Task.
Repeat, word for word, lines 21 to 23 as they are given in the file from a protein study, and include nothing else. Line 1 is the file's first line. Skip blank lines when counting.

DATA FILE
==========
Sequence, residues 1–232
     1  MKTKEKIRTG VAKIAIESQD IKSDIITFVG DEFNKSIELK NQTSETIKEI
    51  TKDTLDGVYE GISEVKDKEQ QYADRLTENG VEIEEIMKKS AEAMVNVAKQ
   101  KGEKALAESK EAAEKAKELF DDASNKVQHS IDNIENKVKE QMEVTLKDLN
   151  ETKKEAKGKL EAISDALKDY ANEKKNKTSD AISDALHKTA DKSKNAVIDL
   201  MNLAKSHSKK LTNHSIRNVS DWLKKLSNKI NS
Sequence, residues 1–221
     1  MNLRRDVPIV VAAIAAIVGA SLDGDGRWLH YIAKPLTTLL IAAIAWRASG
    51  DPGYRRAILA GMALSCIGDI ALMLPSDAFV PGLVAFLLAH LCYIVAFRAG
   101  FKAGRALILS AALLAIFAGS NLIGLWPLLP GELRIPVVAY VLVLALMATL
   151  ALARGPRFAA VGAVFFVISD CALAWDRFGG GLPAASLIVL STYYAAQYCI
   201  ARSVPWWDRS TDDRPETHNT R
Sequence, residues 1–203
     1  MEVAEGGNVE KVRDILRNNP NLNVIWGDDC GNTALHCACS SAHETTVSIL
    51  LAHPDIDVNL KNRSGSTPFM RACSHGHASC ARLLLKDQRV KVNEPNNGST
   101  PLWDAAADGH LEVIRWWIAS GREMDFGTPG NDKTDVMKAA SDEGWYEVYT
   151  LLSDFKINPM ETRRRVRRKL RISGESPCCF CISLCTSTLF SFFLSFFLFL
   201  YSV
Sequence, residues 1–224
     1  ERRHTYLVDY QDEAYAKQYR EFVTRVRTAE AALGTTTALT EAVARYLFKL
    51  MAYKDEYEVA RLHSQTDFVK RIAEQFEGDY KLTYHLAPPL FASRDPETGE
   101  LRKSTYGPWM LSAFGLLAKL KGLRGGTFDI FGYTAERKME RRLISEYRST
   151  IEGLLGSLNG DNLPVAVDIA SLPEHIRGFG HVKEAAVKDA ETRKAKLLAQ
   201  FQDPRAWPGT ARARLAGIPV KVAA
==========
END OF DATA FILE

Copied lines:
    51  MAYKDEYEVA RLHSQTDFVK RIAEQFEGDY KLTYHLAPPL FASRDPETGE
   101  LRKSTYGPWM LSAFGLLAKL KGLRGGTFDI FGYTAERKME RRLISEYRST
   151  IEGLLGSLNG DNLPVAVDIA SLPEHIRGFG HVKEAAVKDA ETRKAKLLAQ